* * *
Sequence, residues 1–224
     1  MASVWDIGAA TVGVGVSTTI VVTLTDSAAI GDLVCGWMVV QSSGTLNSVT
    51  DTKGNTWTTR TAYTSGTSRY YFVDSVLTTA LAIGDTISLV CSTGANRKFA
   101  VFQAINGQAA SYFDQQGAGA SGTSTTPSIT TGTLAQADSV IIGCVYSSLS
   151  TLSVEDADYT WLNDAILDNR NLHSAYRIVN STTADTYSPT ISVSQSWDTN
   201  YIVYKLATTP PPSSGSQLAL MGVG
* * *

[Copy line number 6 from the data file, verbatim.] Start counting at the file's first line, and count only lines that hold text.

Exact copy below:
   201  YIVYKLATTP PPSSGSQLAL MGVG